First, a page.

Judge rules for insurer in doctor’s allocation lawsuit


A judge has sided with a medical malpractice insurer in a legal challenge that accused the company of misallocating blame among physicians after a liability settlement.

In a Sept. 27 decision, Judge Debra Squires-Lee of the Commonwealth of Massachusetts Superior Court ruled that Medical Professional Mutual Insurance Company (ProMutual) acted reasonably when it settled a medical liability claim for $500,000 against several health providers and allocated responsibility for 30% of the settlement ($150,000) to internist Nataly Minkina, MD. ProMutual was well within its rights and obligations when it settled the underlying claim and did not act in bad faith when assigning responsibility in the case, Judge Squires-Lee wrote in her 49-page ruling.

“At its heart, this case is about a multiple defendant malpractice lawsuit with finger pointing by Dr. Minkina against her codefendants and others, and a disagreement about ProMutual’s ultimate determination about how to allocate a global settlement with the plaintiffs amongst ProMutual’s insureds,” Judge Squires-Lee wrote in the decision. “Dr. Minkina strongly believes that she did not fail [the patient], that she acted reasonably, and that her treatment of [the patient] satisfied the standard of care. She also questions why ProMutual failed to allocate liability in the [patient’s] suit to other physicians. However ... the question for this court is whether ProMutual committed unfair or deceptive acts or practices in its settlement and allocation of its settlement. I conclude that ProMutual did not.”

The case stems from a patient’s lawsuit against Dr. Minkina and several others at Blue Hills Medical Associates in Braintree, Mass. The patient alleged that the health care professionals were responsible for a missed breast cancer diagnosis. Dr. Minkina saw the patient just once in 2002 while covering for another doctor. During the visit, she confirmed some nodularity in the 55-year-old women’s breast and referred her for a mammogram and an ultrasound. A radiologist twice reported no abnormalities, which Dr. Minkina said she relayed to the patient. Dr. Minkina left the practice shortly after.

The patient visited the practice several more times and was referred for another mammogram in 2006, the results of which revealed some signs of malignancy, according to court documents. However, a nurse at the practice misread, misunderstood, or overlooked the signs and recorded that “the benign breast condition had no changes,” according to court transcripts. Later that year, the patient visited the practice complaining of headaches and a droopy eye at which time her primary care physician diagnosed sinusitis and prescribed antibiotics. In 2007, the patient underwent magnetic resonance imaging of the brain and the breast, which revealed widespread metastatic carcinoma. She and her family sued Dr. Minkina and several others in June 2007. The patient died in 2008.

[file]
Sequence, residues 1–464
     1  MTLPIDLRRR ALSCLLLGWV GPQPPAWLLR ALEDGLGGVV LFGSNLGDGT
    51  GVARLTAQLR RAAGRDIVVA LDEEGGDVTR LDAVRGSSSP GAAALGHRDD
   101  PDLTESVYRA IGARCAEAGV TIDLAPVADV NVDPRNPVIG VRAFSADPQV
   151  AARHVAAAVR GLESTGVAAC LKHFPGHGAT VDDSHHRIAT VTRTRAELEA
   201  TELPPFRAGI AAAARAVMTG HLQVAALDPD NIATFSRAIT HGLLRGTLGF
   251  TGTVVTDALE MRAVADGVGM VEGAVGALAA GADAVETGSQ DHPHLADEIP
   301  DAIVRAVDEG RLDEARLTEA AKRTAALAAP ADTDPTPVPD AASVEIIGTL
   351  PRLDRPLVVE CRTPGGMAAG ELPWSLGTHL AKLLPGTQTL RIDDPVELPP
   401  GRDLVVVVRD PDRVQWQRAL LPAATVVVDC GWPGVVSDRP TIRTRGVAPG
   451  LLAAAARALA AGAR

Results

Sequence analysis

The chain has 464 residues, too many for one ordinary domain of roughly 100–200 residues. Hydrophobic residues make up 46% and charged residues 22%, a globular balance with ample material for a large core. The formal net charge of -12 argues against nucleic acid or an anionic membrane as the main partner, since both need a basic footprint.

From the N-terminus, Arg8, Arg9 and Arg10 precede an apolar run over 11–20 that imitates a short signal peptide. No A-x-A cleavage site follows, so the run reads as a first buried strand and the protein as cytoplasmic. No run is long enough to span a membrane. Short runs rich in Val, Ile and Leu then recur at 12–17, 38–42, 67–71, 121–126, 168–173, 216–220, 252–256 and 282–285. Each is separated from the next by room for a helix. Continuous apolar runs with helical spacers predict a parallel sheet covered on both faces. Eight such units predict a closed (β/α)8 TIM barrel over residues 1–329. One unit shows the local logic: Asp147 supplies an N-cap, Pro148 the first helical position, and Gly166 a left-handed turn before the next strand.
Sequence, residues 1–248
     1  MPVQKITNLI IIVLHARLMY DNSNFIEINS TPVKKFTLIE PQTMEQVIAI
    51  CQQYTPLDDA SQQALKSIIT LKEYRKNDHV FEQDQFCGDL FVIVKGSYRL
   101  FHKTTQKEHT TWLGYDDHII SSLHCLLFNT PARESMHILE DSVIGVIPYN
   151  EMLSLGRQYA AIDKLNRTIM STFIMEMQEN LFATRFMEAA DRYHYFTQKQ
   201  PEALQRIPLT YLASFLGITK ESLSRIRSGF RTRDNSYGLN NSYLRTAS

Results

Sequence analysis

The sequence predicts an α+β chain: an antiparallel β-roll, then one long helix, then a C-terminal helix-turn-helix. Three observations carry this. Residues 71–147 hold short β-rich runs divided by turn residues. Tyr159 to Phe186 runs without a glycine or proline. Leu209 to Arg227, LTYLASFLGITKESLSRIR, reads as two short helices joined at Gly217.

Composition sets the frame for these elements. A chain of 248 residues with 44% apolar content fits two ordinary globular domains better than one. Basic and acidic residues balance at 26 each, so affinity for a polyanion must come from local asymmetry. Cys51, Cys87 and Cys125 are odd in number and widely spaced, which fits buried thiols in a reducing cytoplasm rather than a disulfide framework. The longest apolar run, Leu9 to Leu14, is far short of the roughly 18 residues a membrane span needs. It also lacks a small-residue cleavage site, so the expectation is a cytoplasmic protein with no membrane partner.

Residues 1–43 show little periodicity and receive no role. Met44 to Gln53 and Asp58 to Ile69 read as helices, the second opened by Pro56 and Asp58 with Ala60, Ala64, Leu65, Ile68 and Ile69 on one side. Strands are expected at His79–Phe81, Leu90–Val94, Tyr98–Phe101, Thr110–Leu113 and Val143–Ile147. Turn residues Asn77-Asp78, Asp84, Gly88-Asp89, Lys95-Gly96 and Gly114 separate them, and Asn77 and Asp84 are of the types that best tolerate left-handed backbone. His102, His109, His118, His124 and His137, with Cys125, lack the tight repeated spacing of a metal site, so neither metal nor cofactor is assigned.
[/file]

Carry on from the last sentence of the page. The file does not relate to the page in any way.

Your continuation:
ProMutual settled the case against the defendants for $500,000 in 2008, allocating 30% of the liability to Dr. Minkina, 10% of the nurse practitioner, 60% to the medical practice, and no liability to the other doctors named. ProMutual contended Dr. Minkina bore more responsibility than the other health care professionals named for the delayed diagnosis because of causation factors and standard of care violations, namely that Dr. Minkina should have pursued a biopsy for the patient.

Dr. Minkina sued the insurer in 2012, claiming chiefly that the insurer allocated an unjustifiably high percentage of liability to her because she was no longer insured and because the company had an economic incentive to allocate a disproportionate percentage of responsibility and damages.

A lower court initially dismissed Dr. Minkina’s suit, but the Commonwealth of Massachusetts Appeals Court in 2015 overturned that decision, ruling the case could move forward. In 2018, the superior court agreed Dr. Minkina had a valid bad faith claim, stating that she had provided information about ProMutual’s conduct from which “a reasonable juror could infer the defendant’s bad faith in connection with its settling the underlying malpractice suit, including the allocation of liability.

But Judge Squires-Lee ruled that trial evidence showed that ProMutual did not act for its own benefit or favor other insureds over Dr. Minkina. The judge wrote that the insurer satisfied its contractual and legal obligations when defending the underlying legal claim.

Dr. Minkina said she was disappointed with the ruling, but that she is considering her legal avenues.

“[The] judge’s decision in my case against ProMutual is obviously disappointing, but it is not the first time [the] trial court decided against me in this case,” Dr. Minkina said in an interview. “It is a battle between David and Goliath, [a] single physician against [a] $3.6 billion insurance company with unlimited resources. The decision has just been announced and it is voluminous. I am still reading it and evaluating my options with my attorneys, but it is not the end of the road yet.”

ProMutual declined to comment about the decision.

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